Barthelemy, J.J, (Abbe) Atlas to the "Travels of Anacharsis the Younger in Greece."Recuil de Cartes géographiques, plans vues et medailles de L'Ancienne Grèce, relatifs au Voyage du Jeune Anacharsis en Grèce, précédé d'une analyse critiques des cartes. Paris de l'Imprimerie de Didot le Jeune L'An Septième [1798-9]
Folio; 56+1 and 39 copper engraved plates. Half calf over marbled boards; 4 raised bands;labels in black and gilt.; Marbled end papers. Atlas to accompany Barthelemy's famous Voyage du jeune Anarcharsis en Grèce, first published in 1787. Nouvelle Edition. The atlas volume in large folio does NOT includes the large folding map Carte Générale de la Grèceet d'une grande partie de ses colonies..by Barbie de Bocage, called for in the list of contents. The new map was originally intended to appear in this edition of An VII [1798-9] but as Bocage mentions in his Addition critique des cartes de l'Ancienne Grèce  there were "difficulties du libraire"; the map was finally ready in 1811 and did not appear till the 5th edition of 1817. Starts with plate 2 the double page map of the same title. Double page map of Greece and 11 maps of parts of Greece with outline colour; 15 maps and plans of ancient Greek sites and battles in black and white, including Marathon,Thermopylea and Salamis, also the Bosphorus, Hellespont and Black Sea.. Architectural restorations of ancient temples, floor plans of buildings and copper engraved views of the Parthenon, Thesion, Sunium and Delphi. A plate of coins with page of explanation. Unfolded single page plates, with good margins Joints rubbed.; corners bumped. Front free endpapers with some spotting but plates generally very clean and bright throughout, though there is a damp stain to lower gutter, it is mainly far from image.
Jean-Jacques Barthélemy 1716 – 1795) was a French writer and numismatist. Barthélemy was the author of a number of learned works on antiquarian subjects, but the great work on which his fame rests is Voyage du jeune Anarcharsis en Grèce, first published in 1787. He had begun it in 1757 and had been working on it for thirty years. The hero, a young Scythian descended from the famous philosopher Anacharsis, is supposed to repair to Greece for instruction in his early youth, and after making the tour of her republics, colonies and islands, to return to his native country and write this book in his old age, after the Macedonian hero had overturned the Persian empire. In the manner of modern travellers, he gives an account of the customs, government, and antiquities of the country he is supposed to have visited. A copious introduction supplies whatever may be wanting in respect to historical details, while various dissertations on the music of the Greeks, on the literature of the Athenians, and on the economy, pursuits, ruling passions, manners, and customs of the surrounding states supply ample information on the subjects of which they treat. Modern scholarship has superseded most of the details in the Voyage, but the author himself did not imagine his book to be a register of accurately ascertained facts. Rather, he intended to afford to his countrymen, in an interesting form, some knowledge of Greek civilization.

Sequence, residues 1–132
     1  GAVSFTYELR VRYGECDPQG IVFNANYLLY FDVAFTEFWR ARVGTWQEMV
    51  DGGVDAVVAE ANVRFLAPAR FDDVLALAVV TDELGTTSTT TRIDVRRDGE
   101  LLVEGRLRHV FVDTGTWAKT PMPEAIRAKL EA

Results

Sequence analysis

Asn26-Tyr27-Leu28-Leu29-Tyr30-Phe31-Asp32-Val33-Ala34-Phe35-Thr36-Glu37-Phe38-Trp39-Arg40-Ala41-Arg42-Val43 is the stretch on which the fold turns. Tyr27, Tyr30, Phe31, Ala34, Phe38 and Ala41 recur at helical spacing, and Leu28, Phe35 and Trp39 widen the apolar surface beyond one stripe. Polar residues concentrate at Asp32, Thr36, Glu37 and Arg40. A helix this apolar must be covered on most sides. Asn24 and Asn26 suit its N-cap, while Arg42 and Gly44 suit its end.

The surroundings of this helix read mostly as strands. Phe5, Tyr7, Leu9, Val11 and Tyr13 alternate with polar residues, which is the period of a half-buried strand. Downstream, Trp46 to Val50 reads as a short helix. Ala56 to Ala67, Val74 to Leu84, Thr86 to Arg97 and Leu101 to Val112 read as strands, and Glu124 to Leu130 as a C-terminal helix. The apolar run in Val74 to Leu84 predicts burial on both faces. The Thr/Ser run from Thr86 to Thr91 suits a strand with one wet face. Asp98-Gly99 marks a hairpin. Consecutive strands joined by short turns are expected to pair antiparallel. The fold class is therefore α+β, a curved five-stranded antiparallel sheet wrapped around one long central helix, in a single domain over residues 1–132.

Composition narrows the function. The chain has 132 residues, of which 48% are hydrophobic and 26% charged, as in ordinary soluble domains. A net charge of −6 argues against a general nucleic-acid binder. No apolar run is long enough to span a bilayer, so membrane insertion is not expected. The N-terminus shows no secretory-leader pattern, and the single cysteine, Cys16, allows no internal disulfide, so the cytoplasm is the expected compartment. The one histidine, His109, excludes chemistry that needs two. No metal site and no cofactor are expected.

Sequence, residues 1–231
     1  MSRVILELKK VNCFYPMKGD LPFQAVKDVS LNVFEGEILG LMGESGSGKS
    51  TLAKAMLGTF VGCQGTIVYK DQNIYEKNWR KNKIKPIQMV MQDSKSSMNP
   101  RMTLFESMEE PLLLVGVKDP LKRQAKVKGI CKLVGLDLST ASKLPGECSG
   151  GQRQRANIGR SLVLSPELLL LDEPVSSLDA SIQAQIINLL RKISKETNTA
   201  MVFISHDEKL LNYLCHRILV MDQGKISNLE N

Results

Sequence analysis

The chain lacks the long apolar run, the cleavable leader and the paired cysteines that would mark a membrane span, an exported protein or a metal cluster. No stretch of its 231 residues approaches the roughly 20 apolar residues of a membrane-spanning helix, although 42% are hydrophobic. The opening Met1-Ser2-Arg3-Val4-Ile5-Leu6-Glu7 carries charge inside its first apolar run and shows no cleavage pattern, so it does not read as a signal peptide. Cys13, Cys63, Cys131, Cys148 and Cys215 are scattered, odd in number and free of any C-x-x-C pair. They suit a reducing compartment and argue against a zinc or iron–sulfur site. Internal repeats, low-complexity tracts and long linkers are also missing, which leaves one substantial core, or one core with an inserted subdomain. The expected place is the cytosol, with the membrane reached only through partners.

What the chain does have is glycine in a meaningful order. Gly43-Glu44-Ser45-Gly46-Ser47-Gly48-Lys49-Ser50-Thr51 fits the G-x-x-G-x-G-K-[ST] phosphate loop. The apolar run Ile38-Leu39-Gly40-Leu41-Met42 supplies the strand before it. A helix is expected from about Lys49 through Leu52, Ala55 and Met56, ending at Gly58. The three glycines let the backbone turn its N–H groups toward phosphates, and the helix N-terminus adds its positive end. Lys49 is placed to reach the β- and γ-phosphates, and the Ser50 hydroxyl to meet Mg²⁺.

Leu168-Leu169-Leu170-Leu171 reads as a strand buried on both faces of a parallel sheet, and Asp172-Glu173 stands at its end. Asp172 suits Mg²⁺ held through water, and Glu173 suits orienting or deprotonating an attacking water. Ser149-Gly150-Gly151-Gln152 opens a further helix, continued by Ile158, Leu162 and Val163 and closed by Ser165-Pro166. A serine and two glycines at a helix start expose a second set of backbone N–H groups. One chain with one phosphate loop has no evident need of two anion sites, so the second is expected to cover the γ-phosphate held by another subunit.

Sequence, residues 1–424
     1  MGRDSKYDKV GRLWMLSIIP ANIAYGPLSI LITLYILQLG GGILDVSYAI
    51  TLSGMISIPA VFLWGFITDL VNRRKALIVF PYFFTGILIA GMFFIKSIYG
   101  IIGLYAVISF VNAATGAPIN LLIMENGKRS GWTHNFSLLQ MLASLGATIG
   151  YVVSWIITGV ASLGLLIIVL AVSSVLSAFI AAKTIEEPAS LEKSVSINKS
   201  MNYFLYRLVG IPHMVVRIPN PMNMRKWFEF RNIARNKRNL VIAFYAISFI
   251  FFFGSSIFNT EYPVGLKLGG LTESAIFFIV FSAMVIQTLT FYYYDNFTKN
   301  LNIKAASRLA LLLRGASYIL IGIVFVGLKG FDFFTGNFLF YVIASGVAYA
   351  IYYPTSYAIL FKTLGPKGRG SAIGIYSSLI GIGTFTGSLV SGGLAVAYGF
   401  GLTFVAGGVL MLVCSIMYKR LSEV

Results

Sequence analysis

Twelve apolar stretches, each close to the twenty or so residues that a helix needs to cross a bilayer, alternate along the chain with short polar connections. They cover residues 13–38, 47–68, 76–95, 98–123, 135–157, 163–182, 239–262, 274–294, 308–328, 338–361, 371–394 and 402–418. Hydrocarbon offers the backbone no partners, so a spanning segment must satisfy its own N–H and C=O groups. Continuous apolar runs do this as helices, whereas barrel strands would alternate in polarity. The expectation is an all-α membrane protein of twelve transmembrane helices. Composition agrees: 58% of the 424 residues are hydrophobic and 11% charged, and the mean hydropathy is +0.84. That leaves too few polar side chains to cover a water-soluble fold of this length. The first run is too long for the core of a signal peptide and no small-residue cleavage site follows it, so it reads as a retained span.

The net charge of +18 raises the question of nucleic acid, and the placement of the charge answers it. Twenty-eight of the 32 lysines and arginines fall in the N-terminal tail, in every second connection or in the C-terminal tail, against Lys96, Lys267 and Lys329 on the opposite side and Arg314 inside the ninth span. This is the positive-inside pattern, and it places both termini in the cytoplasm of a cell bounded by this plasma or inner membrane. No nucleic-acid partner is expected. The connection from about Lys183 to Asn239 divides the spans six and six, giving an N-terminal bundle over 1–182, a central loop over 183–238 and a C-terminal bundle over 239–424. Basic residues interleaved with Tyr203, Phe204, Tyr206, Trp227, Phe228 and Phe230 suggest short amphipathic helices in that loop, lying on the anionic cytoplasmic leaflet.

Jean Jacques Barthélemy (1716-1795), also known as Abbé Barthélemy, was born into a well-to-do family in the South of France. Literatus, numismatist and author, he studied Philosophy, Theology and Classical Archaeology. Following a journey to Italy, he was inspired to write a novel whose main character is a young Scythian who wanders through the ancient Greek world of the fourth century BC, with flashbacks to the Archaic and Classical periods.
Barthélemy started studying and writing on Antiquity in 1757 and his first book was published in 1788. He died at the age of 80, while working on the fourth edition of this remarkable literary work.
Abbé Barthélemy studied the works of Greek and Roman authors and meticulously annotated on his maps the information he extracted. He relied too on the well-documented investigations that J. Foucherot and M.G.F.A. Choiseul-Gouffier had made on the spot, thus complementing his fictional work with accurate representations of the most important locations and battlefields.
This multi-volume work – both a fictional recreation of an era and a travel narrative presenting an idyllic panorama of the ancient world, illustrated with maps and drawings by Barbié de Bocage – fuelled the public's interest in ancient scholarship. Thus it became a best-seller of the time, and was republished repeatedly into the nineteenth century. [ Ioli Vingopoulou;Travelogues Aikaterini Laskaridis Foundation]
Brunet:1,674-675; not in Zacharakis, but see note under Barbie de Bocage. 480 by 310mm (19 by 12¼ inches).
ref: 3001 €1000